According to SideLine music magazine, CDs will no longer be around for music consumers beginning in 2012. Apparently, major music labels are planning to abandon the format that became so popular in the ’80s.
It doesn’t come as a surprise to those knowledgeable about the ever-changing music formatting, and yet it still stings.
As a child of the ’90s, I learned how to go on my morning jogs lugging around a Walkman player instead of a tiny iPod nano. I was even one of those toddlers with carried around a red, yellow, and blue plastic boom box blasting the Spice Girls and Hanson CDs AND cassettes.
Granted, I can’t remember the last time I bought an actual CD…I think it was Sherwood’s album Sing, But Keep Going in 2005. I have been known to frequent libraries to check out stacks of 20 CDs at a time when my computer has crashed or my iPod has crapped out.
That even grew tedious and tiresome after a few trips, though. It was easier to use sharing music files sites like Mediafire and Dropbox to share and trade music with friends.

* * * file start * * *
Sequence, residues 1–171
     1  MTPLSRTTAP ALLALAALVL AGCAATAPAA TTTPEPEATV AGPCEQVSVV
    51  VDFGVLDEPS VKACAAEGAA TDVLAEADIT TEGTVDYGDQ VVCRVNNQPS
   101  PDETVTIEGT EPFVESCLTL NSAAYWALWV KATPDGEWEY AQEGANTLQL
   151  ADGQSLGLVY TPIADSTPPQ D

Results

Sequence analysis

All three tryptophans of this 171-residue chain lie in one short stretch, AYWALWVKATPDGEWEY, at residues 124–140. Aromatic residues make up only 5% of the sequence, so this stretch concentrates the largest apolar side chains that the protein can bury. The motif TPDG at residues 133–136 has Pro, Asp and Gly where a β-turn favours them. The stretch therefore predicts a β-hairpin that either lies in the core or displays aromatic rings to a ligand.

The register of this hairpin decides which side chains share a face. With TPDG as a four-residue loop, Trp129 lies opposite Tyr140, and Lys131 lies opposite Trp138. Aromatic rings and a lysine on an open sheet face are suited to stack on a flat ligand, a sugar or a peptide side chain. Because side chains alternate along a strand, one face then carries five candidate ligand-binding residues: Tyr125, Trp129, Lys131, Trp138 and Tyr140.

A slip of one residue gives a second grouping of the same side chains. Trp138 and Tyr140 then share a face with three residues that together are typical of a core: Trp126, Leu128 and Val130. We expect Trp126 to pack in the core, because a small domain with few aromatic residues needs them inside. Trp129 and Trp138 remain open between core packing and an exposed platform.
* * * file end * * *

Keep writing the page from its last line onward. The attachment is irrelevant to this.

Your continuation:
It all went downhill once the you-can-illegally-download-music-and-movies sites like LimeWire and BearShare were created. Not only did they provide a new outlet for music to be shared but it also ruined my computer privileges on countless occasions.
The three major CD-producing labels left — EMI, Sony, and Universal — have yet to release a statement in regards to the report.
Instead of having production money goes towards the creation of CDs, the labels will instead focus on iTunes and digital formatting of music. Amazon would still continue to be the primary provider of CDs.
Since the creation and boom of digital formatting, memory sticks and other online music storage sites, CD sales have dropped 50 percent since their peak sale year in 2000.
Until their collective value rises, their quality improves and they become more convenient than MP3s, it’s unlikely the CD will avoid this certain demise.
But who knows, perhaps CDs will have a last-minute revival like their cousin, the cassette tape…in a few decades. Or even have a future comeback like their grandparent, the record.
Now what to do with all the CDs I couldn’t sell at my parent’s last garage sale…I guess I won’t have to buy coasters for a while!